When Euphemisms (but Never Sharks) Attack
Shark scientists urged the public to call human-shark interactions something other than shark attacks, preferring less derogatory terms like “shark encounters.” Scientists point out that humans tend to be to blame for shark injuries – accidentally stepping on small sharks, which retract; swim in cloudy water, venture too close.
“A ‘shark attack’ is a story of intent,” Christopher Pepin-Neff of the University of Sydney told Times reporter Alan Yuhas. “But sharks don’t know what people are. They don’t know when you are in the boat. They don’t know what a propeller is. It is not an attack.
But the replacement terms, while more precise and less inflammatory, have an air of cuteness, reminiscent of the top hats and evening gloves of centuries past.
Namely, a shark incident:
Meanwhile, scientists elsewhere this week published one of the most detailed views to date of shark innards, using a CT scanner to reveal “the complex internal geographies of more than 20 species of sharks,” writes Véronique Greenwood. The results, in a stunning 3D video, indicate that some sharks’ spiral gut behaves like a Tesla valve, advancing fluid without moving parts.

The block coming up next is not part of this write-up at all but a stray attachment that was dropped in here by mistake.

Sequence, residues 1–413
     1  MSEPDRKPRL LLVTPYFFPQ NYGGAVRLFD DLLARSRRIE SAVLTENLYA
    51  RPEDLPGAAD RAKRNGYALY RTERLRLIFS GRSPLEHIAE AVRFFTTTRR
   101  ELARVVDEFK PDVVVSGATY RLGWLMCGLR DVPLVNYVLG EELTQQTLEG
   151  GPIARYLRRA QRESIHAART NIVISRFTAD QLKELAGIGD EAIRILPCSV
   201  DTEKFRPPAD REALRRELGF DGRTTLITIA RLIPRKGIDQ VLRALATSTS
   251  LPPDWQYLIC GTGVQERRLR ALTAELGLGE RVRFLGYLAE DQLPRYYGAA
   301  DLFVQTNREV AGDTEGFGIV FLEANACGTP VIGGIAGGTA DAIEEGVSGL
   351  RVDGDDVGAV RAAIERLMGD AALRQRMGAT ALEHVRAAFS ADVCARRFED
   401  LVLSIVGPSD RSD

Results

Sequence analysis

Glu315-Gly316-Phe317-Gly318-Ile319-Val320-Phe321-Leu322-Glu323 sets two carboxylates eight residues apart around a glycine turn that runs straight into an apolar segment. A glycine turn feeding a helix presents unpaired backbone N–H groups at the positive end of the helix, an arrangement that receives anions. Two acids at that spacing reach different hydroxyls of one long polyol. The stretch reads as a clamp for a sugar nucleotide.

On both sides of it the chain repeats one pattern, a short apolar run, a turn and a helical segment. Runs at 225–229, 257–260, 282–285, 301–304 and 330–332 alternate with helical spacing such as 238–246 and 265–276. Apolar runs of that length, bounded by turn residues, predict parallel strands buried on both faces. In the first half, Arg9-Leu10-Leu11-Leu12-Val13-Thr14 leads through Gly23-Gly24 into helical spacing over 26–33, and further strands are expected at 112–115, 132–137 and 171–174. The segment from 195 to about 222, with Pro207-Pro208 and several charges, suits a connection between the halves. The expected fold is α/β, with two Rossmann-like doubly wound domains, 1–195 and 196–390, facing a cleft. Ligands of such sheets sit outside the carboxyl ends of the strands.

The study also seems to support the long-held idea that such complexity helps slow digestion and extract the most calories from its prey. Chew this while you do your part to avoid shark understatements.
What we’ve been metabolizing lately
Hard to miss: Earlier this week, a rare 100-pound opah or sunfish ran aground in Oregon.
This week on “The Argument,” Michio Kaku, physicist at City College of New York, and Douglas Vakoch, astrobiologist and president of the non-profit research and education organization METI (Messaging Extraterrestrial Intelligence) International, discussed of the wisdom of trying to contact other intelligent lives in the universe.
These parents of African wild dogs don’t exactly bring home bacon, but these rare images of them feeding their puppies are truly adorable.
And there are few better times to read Norman Maclean, both “A River Runs Through It,” his majestic fly-fishing memoir, and “Young Men and Fire,” his re-enactment of the Mann Gulch tragedy of 1949. in Montana which claimed the lives of a dozen US Forest Service firefighters. “The story, which I’ve read at least four times now, is scary to read, making the hair on my arms stand on end,” Anna Holmes wrote in The Times in 2015. “It’s also one of the experiences. the most enjoyable. I’ve had.”
Facts to note
“On Tuesday, the Montana Department of Fisheries, Wildlife and Parks imposed owl owl restrictions on the Missouri River, one of the state’s most popular trout fishing sites, between Helena and Great Falls due to the hot water temperature. The rule prohibits fishing after 2 p.m. (The term “owl restrictions” originates from the early days of the lumber industry. Loggers work early in the morning of late summer, when it is cooler, as the forests are dry and this increases the risk of chainsaws or other equipment causing a fire. Loggers would often hear owls during their early morning shifts.) “
#Euphemisms #Sharks #Attack